Fancy Setting, Finer Food
Basil's/Marq VII Lounge
710 Marquette Ave., Mpls.; 376-7404
A COUPLE OF weeks ago while wandering blindly downtown through snow, hordes of shoppers, and a daze incurred by too much cold medicine, my friend and I walked into what we thought was a furniture store. "How much for that flashy cow print armchair in the window?" was the question on our minds when a serious-looking gentleman in a bow-tie approached us with a silver coffee urn and menus. Our mistake was grave, but not unforgivable. After all, the Marq VII would be the perfect display room, its large glass windows exchanging privacy for a shopper's view of assorted bodies folded over fashionable couches, armchairs, and tables high above Marquette Avenue.
Too embarrassed to leave (not to mention famished), we acted as though we had planned on eating at the Marq VII Lounge all along. Inoffensively awash in cream colors, with poinsettias and green shrubs done up in small lights to accent the season, the lounge is a place where laptops, cigarettes, and martinis clutter the table tops and where you can prop your feet up on an overstuffed couch and watch the bell boys roll in racks stuffed with fur coats and suits. Once you soak up enough of this atmosphere, you can either decide to fit in and order up a gourmet pizza (ranging from $7.95 for an artichoke with tomato, spinach, and feta cheese to $8.25 for a classic with pepperoni, green pepper and mushrooms), or a shrimp and crabmeat salad ($11.50) with your Remy Martin V.S.O.P., or you can run away to the Marquette's other feeding hole, Basil's, which is what we did.
"Floor 3, Basil's restaurant," chirped the electronic voice that was still speaking long after we had vacated the elevator. Basil's is like an overwrapped present, designed and decorated to the hilt with pink walls, gray couches, and a geometric pattern on the carpet that matches both. You can escape this claustrophobic ambiance by sitting out on the deck overlooking the IDS Crystal Court. While quite pleasant, the deck culls its outdoor feel more from the wicker and wrought-iron chairs and tables than from the view of the instant cash machines and shops down below. When the menu arrives, however, you are bound to find yourself transported (in spirit anyway) to the rustic countryside.
If you are watching your waistline disappear after a couple of weeks of holiday office parties and whatnot, note that Basil's keeps a menu filled with items (including teriyaki salmon steak, smoked pheasant, and fettuccine primavera) designated low in fat and calories which look as appetizing as anything else listed. Equally unique and wonderful is Basil's seasonal menu, from which we selected a huge starter of carpaccio of venison ($8.50), consisting of thin billows of pink venison marinated in a walnut oil and sherry vinaigrette and garnished with a center of sun-dried fig chutney. It was delicious and distinctive, the tangy vinaigrette and deep flavor of the venison melding wonderfully with the sweet, spicy chutney.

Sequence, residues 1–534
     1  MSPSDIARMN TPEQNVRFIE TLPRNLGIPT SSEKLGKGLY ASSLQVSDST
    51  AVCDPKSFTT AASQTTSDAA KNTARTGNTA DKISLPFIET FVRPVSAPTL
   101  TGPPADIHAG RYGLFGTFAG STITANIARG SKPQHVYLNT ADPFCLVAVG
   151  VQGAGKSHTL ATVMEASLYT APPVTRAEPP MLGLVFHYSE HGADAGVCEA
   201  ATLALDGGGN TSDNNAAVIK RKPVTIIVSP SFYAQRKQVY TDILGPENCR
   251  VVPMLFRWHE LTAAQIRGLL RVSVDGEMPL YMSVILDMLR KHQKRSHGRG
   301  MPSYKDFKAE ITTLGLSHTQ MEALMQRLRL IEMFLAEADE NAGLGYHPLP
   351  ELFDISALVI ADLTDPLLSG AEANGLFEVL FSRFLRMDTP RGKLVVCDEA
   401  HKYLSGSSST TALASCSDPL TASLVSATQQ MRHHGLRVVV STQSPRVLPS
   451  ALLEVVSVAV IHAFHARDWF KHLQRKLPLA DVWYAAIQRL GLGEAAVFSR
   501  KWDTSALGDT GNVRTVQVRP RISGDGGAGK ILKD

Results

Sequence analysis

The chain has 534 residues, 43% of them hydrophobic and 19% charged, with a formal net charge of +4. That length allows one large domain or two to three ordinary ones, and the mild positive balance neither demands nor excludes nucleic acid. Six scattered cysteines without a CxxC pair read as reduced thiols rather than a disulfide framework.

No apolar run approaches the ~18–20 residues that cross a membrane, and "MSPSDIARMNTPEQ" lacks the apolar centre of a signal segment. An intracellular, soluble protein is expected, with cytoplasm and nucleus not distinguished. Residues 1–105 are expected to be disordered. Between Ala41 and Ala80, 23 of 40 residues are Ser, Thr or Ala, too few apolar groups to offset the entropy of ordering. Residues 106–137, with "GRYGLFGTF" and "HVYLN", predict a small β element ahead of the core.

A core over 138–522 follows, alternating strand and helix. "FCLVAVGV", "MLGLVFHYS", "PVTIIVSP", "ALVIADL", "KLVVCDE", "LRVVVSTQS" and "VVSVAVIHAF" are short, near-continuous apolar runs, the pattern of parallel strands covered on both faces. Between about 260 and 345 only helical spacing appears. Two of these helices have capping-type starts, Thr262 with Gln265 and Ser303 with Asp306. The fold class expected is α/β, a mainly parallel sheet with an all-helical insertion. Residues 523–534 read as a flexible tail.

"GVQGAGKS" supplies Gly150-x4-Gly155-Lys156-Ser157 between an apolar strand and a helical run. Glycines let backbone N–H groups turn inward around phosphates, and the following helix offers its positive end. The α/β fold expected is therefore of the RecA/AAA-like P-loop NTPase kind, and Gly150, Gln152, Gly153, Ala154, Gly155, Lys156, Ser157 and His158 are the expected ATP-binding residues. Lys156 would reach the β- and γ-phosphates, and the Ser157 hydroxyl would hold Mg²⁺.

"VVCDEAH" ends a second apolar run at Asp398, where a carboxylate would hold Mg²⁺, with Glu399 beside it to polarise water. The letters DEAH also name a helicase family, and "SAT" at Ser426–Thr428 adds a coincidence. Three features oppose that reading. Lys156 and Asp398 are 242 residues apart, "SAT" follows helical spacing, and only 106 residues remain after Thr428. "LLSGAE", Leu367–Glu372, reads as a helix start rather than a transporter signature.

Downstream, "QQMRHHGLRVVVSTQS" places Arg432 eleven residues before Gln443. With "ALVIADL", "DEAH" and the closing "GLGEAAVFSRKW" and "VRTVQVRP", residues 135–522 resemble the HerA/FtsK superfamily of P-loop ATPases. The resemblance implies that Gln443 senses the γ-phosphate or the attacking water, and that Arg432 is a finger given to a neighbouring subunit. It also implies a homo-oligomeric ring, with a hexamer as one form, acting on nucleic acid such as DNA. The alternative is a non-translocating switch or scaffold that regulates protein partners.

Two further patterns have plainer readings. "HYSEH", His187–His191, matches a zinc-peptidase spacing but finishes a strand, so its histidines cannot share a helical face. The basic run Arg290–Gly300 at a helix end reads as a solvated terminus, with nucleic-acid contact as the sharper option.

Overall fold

Abetted by the complimentary, caraway-seed dinner rolls and the vegetable and herb cream cheese pâte, this should have been enough sustenance to go with our bottomless cups of lusty coffee. But of course, we plunged bravely on to order lunch. I ordered the lemon linguini with smoked range hen, lemon thyme, olive oil, and parmesan cheese ($8.50). It was a masterpiece, with the hen set on the bright yellow pasta and speared with, what else?, a fresh sprig of flowery basil. Considering the main ingredients (pasta and poultry), the dish had an incredibly light touch.
Similar raves were occurring across the table, as my friend feasted on broiled scallops on endive and radicchio with cucumber and wild mushrooms ($12.95). The crisp leaves of radicchio, wetted by a warm chive vinaigrette, proved a perfect counterpoint to the scallops my friend was popping down his mouth, one by one. We were completely happy, especially as our meals were big enough to leave leftovers for lunch for the next day.
Our only regret, as usually happens in such cases, was that we enjoyed our lunch too much to give dessert any serious consideration. Too bad, because Basil's sweet enticements include fresh fruit with Devonshire cream ($4.25), crème brûlée with the traditional caramel crust ($4.25), and, as a specialty of the season, "chestnut roulade on star anise buttermilk sauce enhanced with macadamia brittle ice cream" ($4.95).
Amid all the frills and foppery manifested in the decor at Basil's and Marq VII, the food is neither frivolous nor overwrought. Indeed, I'm adding Basil's to my list of places whose meals never fail to enchant.
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